Young "professional," Providence College grad, above average procrastinator, reality tv…
One of the most outdated ideas is that everyone has a soulmate out there. I have a few different issues with the idea of soulmates as it is tossed around in society. Here are five reasons why the idea of being soulmates is antiquated.
Phrase Break Down
Let’s just consider for a second what this actually means. A soulmate is defined as a person that is ideal for you, aka the perfect match. First of all, “the” implies there is only one. One person out there in the whole wide world who is meant for you. If you don’t find him- give up! My second issue with this definition is the word “perfect.” Perfect implies that it is without flaws. Can you show me a relationship or person who is without flaws? Man, that person must be boring. Also, what is a soul anyway? Is it that shiny thing that leaves our bodies and floats to heaven when we die? I have a lot of questions.
So, after this lifelong quest to find my soulmate, scouring the earth to find them, do we like, have any time left to hang out on earth together? Or do we go right up to where you think we go when we die and spend eternity together? Do I have time for school or a job in between all of this searching?
1. Romanticizing Love
Anything you romanticize is going to end up being a letdown. Additionally, and I hate to put a damper on your outlook on life, but monogamy in mammals is very rare. That is not to say that it is unattainable or that people cannot make long-term commitments, but the notion that there is one person out there for you and only you for eternity is just not backed by science.
If you are constantly chasing perfection you will be let down. The idea of soulmates puts pressure on people and the relationship to be perfect all the time. If you put pressure on yourself or your relationship to be perfect then when something messes that up (which it will) you’ll be devastated. We are all humans. We all have human relationships. Humans make mistakes. You shouldn’t try to chase perfection in any area of your life.
3. Preaches a Romantic Destination
We all know that the majority of relationships end and many marriages end in divorce. The idea of being soulmates makes love a destination rather than a journey. You aren’t “destined” to do anything in life, your life is a compilation of your decisions and actions. Sometimes things end, but that does not make those experiences less important or influential in your life. The idea of soulmates implies that someone out there is meant to complete you, and you are not whole without them. This is a completely unhealthy way of thinking. You are a whole person by yourself. Anyone that you date or marry should simply be an addition to you. You should view your significant other more as a best friend and partner than a soul mate.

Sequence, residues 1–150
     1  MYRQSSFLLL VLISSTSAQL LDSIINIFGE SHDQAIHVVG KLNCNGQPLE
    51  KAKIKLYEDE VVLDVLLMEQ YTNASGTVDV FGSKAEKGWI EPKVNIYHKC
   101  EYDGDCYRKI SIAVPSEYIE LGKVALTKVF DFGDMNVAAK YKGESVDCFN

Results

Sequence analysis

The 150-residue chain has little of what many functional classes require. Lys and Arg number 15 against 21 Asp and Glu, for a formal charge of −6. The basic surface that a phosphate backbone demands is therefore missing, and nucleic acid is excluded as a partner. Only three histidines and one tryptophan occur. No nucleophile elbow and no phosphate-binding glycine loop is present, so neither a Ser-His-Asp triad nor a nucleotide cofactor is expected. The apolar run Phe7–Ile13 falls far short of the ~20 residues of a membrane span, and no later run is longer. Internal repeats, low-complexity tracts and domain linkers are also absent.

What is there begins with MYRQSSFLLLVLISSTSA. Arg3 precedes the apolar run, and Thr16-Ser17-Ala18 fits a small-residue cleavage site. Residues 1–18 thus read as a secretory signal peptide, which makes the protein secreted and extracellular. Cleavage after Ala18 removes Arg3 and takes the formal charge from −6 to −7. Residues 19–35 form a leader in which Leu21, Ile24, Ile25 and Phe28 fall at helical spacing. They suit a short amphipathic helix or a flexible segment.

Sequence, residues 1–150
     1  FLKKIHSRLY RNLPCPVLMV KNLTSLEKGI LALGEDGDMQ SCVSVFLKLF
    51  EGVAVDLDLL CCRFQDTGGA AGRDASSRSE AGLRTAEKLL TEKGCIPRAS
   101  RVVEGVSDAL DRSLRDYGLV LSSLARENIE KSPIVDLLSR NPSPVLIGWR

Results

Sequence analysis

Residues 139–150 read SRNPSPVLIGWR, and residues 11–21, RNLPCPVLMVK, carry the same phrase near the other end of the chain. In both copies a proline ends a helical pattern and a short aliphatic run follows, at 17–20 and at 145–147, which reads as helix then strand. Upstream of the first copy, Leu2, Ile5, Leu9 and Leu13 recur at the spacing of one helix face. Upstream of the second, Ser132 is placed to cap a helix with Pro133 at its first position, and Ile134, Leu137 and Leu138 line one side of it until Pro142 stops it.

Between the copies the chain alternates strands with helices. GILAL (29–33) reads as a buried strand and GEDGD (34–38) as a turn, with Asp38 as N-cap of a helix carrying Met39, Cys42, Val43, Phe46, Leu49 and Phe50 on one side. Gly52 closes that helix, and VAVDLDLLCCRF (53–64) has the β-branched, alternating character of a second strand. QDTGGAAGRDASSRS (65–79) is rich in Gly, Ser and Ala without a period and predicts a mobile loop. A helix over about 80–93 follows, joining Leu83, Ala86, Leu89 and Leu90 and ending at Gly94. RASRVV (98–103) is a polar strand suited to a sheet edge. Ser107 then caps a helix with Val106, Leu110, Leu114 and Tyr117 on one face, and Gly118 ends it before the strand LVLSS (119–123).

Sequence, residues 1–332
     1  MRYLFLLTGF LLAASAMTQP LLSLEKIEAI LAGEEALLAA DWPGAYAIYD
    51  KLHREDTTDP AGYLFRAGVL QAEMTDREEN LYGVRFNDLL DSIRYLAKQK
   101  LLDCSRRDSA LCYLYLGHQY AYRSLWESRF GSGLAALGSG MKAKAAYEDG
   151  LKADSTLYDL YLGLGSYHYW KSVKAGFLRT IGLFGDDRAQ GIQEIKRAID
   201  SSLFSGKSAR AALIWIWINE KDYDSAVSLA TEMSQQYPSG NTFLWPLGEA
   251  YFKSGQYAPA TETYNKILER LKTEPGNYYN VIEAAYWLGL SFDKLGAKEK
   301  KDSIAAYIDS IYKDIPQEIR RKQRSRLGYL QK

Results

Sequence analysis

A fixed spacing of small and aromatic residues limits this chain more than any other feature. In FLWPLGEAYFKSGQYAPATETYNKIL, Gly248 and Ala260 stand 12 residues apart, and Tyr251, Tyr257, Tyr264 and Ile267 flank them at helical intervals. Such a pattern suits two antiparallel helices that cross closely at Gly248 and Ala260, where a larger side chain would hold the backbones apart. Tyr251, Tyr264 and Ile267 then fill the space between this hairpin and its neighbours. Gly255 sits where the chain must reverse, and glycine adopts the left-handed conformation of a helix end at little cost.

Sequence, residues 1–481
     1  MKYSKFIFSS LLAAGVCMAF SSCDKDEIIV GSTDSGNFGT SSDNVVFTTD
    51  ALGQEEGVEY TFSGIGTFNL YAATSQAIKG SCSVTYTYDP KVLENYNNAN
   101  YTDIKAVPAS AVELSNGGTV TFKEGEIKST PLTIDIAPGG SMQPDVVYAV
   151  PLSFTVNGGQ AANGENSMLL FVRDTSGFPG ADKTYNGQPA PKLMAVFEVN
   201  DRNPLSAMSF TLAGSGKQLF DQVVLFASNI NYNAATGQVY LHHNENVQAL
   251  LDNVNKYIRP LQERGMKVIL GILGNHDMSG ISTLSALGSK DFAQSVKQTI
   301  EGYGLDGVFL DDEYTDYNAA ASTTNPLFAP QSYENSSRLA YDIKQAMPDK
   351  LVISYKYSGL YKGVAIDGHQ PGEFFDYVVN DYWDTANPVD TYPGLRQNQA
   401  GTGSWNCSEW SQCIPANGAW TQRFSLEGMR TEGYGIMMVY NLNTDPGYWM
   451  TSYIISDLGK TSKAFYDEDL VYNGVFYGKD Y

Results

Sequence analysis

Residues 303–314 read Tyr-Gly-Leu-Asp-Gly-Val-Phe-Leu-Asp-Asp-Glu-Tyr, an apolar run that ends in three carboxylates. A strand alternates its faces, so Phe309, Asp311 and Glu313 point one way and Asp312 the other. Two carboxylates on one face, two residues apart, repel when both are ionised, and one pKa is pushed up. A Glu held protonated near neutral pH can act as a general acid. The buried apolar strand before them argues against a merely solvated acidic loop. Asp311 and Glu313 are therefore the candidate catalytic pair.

At the end of the day, the only person you can control is yourself. When your perfect relationship turns out to all be an illusion projected by the idea of soulmates and the relationship crumbles you are left with you.
4. Perpetual Disappointment
Statistically speaking, it would be impossible to find your one true love. If you don’t find your soulmate but you believe in them, are you never going to get married/be in a long-term relationship? Or are you just going to settle? It is also true that mammals, including humans, are not meant to be monogamous. In fact, only 3 to 5 percent of mammals have one mate for life (and humans are not one of them). Therefore, the idea that there is one person out there for you will only lead to disappointment.
5. Chemical Reaction
The reason you fall in love is not the alignment of the stars or destiny, it is the chemicals in our brains that create a reaction. A series of chemicals are responsible for this reaction, chemicals such as dopamine, adrenaline, oxytocin etc. Our brains communicate messages to our nervous system which is why we feel our heartbeat quickens, our palms are sweaty, and we have “butterflies” in our stomach. Sorry to break it to you, but it’s just our least favorite school subject called science at play.
I think the takeaway here is this: there is not just one person out there for you, and no one is supposed to be your “missing piece.” I understand the sentiment of the phrase was to emphasize and maybe even justify the reasoning behind two people spending the rest of their lives together in marriage. While it is sweet to believe in the perfect happily ever after, it sets unrealistic expectations which could end in failure. Treat each relationship separately and look at it realistically. You can be head over heels with someone and not believe in soulmates.
What do you think of the idea of being soulmates? Let us know in the comments below!
Featured image source: pinterest.com
Young "professional," Providence College grad, above average procrastinator, reality tv enthusiast, high profile contributing member of society.